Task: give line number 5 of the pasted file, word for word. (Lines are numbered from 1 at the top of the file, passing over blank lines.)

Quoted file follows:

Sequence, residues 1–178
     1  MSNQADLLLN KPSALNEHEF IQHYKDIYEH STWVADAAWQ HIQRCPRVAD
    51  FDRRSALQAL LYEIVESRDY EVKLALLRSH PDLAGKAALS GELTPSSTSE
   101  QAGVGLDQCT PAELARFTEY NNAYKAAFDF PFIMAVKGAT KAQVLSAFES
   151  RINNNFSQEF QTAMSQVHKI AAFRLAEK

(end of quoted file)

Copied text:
   151  RINNNFSQEF QTAMSQVHKI AAFRLAEK